As time passed and our friendship matured, interests turned to resource protection and other conservation efforts. We volunteered in support of Trout Unlimited (TU) and the Federation of Fly Fishers. In our community and among clients, we advocated catch-and-release fishing with single barbless hooks, and preached the cessation of littering and stream contamination. In the wake of decades of mining pollution, we toiled in the fight to restore health to a beleaguered Eagle River.
Meanwhile, as part entertainment, part education, we held weekly flyfishing seminars at an area hotel. Featuring slide shows, guest speakers and classroom instruction on equipment needs, knot-tying and proper fly selection, we solicited donations to further benefit our local TU chapter.
As I gradually shifted to freelance magazine work and related slide photography, Bruce began writing fly-tying articles for a local newspaper. When I became a regular columnist for a national flyfishing magazine, we traveled over a five-state area, fishing, studying aquatic insects and shooting photos for bimonthly publication.
Some of our travels took us to Montana's Bighorn River, the San Juan below Navajo Dam and the Green River in Utah. We went to Idaho and the Lochsa, Selway and Clearwater rivers, and we covered all the major rivers in Colorado. To reduce costs, we camped or rented small cabins, and frequently prepared meals over a pack stove or open fire. Whether float-fishing or wading the currents, we visited some beautiful places, fished amazing waters and had tons of fun.
On occasion, the owners of a new and upcoming backcountry lodge would hire me as a consultant to assess the quality of their fishing resources - no doubt, hoping for a little national publicity in return - and I nearly always persuaded them that Bruce's entomological expertise was crucial to a precise evaluation. More often than not, the two of us went, all expenses paid, plus salary.
Of all our angling escapades over the years, certainly too numerous to delve into here, the most enjoyable and enlightening were the many jaunts to remote tributary streams in the higher elevations of the Colorado Rockies. While seldom encountering another soul in such places, we found quiet and unparalleled beauty in all natural surroundings, where time slowed to a crawl. The only things of importance, aside from our close camaraderie, were those which stimulated our senses, bringing peace and fulfillment to our hearts.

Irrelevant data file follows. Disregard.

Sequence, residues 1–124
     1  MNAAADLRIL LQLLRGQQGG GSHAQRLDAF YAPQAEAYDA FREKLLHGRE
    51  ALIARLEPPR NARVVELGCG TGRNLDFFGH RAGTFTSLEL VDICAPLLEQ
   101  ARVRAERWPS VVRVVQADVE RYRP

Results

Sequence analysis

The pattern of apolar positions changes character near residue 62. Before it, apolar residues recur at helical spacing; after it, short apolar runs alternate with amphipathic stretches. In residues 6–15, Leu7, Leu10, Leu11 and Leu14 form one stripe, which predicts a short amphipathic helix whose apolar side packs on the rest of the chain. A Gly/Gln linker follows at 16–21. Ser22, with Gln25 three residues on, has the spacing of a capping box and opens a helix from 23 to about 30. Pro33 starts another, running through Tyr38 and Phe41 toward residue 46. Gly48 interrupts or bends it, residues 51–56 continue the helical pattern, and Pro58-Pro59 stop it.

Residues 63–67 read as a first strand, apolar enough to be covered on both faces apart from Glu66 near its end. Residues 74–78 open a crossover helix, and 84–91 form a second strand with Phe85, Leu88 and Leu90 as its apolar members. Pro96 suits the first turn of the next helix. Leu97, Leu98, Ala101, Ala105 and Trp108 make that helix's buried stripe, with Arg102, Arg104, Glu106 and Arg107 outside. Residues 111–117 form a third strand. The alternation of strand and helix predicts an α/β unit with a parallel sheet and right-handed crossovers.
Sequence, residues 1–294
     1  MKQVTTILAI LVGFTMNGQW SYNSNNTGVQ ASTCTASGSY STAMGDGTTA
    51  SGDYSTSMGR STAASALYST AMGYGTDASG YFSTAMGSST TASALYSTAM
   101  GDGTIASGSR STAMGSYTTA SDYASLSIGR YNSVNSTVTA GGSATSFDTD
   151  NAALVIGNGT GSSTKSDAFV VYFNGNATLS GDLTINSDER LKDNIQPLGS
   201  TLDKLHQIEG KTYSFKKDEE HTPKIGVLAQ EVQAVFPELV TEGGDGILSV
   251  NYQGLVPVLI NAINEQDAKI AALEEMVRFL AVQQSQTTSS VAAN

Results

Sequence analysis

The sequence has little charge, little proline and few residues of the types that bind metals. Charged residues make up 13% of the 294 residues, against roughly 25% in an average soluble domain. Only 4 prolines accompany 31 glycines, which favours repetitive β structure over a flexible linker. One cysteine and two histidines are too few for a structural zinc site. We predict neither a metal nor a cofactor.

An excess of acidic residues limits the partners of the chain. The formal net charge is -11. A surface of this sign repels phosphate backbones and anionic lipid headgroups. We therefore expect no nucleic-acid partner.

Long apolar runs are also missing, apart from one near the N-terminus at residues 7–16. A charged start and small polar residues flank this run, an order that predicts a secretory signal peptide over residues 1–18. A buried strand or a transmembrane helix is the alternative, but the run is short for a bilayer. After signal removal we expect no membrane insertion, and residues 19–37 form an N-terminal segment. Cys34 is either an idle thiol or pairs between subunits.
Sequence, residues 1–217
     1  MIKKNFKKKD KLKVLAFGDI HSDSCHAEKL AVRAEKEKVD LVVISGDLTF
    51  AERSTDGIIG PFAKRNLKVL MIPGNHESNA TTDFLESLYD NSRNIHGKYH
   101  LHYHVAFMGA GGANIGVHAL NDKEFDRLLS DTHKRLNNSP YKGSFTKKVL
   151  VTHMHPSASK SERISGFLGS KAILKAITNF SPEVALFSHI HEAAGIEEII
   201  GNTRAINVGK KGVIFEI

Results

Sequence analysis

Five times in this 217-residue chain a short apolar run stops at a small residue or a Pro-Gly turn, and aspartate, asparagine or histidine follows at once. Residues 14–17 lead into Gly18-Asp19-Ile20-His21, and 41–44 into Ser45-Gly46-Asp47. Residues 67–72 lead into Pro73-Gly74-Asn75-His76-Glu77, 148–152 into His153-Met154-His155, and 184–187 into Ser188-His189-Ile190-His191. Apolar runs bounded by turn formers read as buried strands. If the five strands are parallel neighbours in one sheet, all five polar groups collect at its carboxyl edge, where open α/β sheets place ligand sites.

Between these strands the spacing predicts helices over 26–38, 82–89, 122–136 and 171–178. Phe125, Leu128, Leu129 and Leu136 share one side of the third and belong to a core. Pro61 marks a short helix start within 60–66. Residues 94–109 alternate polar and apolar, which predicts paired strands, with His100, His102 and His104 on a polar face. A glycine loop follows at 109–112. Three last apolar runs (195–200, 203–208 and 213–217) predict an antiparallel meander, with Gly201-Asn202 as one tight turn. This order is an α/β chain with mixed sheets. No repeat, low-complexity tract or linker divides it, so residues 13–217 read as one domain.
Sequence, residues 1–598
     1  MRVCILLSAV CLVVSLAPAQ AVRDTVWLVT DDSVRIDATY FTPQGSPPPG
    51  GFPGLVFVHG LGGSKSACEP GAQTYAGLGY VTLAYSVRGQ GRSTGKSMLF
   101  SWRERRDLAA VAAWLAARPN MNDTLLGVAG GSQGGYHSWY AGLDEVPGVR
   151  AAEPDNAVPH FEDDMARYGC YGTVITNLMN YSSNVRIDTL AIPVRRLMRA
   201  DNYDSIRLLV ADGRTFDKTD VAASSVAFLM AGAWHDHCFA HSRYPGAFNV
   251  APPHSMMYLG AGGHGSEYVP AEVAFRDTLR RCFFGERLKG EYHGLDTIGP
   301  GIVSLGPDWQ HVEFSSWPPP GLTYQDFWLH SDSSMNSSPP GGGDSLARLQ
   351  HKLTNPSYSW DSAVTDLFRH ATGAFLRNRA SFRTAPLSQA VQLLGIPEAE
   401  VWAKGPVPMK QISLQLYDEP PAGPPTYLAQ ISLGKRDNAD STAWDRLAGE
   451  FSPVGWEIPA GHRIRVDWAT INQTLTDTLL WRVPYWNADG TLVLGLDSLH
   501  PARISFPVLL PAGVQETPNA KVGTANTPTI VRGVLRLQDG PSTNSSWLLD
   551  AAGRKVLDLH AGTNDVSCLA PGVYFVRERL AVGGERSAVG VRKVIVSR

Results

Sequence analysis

At times we fished emphatically for hours on end, while at others, we sat in the shade, joyfully observing, as trout fed unwaveringly in the braded currents of a placid pool. Sometimes, we walked long distances without uttering a word, hearing only the sounds of our footsteps, the singing of birds, or a soft breeze wafting through the trees. Many times though, we laughed and carried on, as if we had all the answers, while the rest of the world simply floundered, seemingly unaware of our great wisdom.
But mostly, we enjoyed being together and doing what we loved. Indeed, we were true blue companions, bosom buddies, birds of a feather. Today, I sorely miss my friend and undoubtedly always will.
I am not a religious man per se, but I am, nonetheless, deeply spiritual. Perhaps similarities between the two are greater than their differences, but in my understanding of the Great Mystery which I call God, there is reason and order, perfection and balance in everyone and everything. Our existence is not simply the product of happenstance. Rather, we are the embodiment of spirit and our souls are the pure result of all our worldly experiences, personal relationships and love.
Perhaps, as we pass from this world to the next, love is all we're able to carry along. I believe it is so. After all, there is purpose, and what could be more important?
"My darlin' friend, my darlin' friend, all we've got goin' is love in the end, it's all that matters, all that matters." -Mark Knopfler.
Congratulations to Forest Bramwell for another great year on the Pro Rodeo Circuit. From January through November of this year, as he has for the past several years, Forest traveled across the U.S. and was a great representative for Pagosa Springs. He won a nice "chunk of change" at the National Finals Rodeo in Las Vegas this year, and wound up with a very respectable ranking of 12th in the world in bareback riding. He ended a tremendous year by winning a share of the final round at the NFR last Saturday, and the smile on his face after posting the 85.5 was as big as the win. Forest, we hope that your "pot of gold at the end of the rainbow" in 2007, comes in the form of a World Champion Belt Buckle! Get some good soaks in the Hot Springs to get rid of 12 months of aches, and "Cowboy Up" in 2007. We'll be following you.
Roy and Jolyn Boutwell
Wichita Falls, Texas
Christmas is coming; it is time to make my Christmas wish list:
I have enough ties, I have enough flannel shirts, I have a lot of stuff.
- Renewed efforts at diplomacy in the Middle East starting with justice for the Palestinians.
The road to peace in the Middle East starts in Jerusalem not Baghdad.
- Real ethics reform for the Congress and the executive branch.
- An energy-related Manhattan Project that addresses everything from conservation to bio-fuels to an end to a foreign policy dictated by big oil (Exxon-Mobile; British Petroleum-Amoco, etc.)
- Diplomatic support involving China to end the genocide in Darfur. China is a major trading partner with Sudan. We are the major trading partner of China.
- National health insurance, so that all residents of the United States have access to needed medical care.
- Support the troops; bring them home in a timely manner.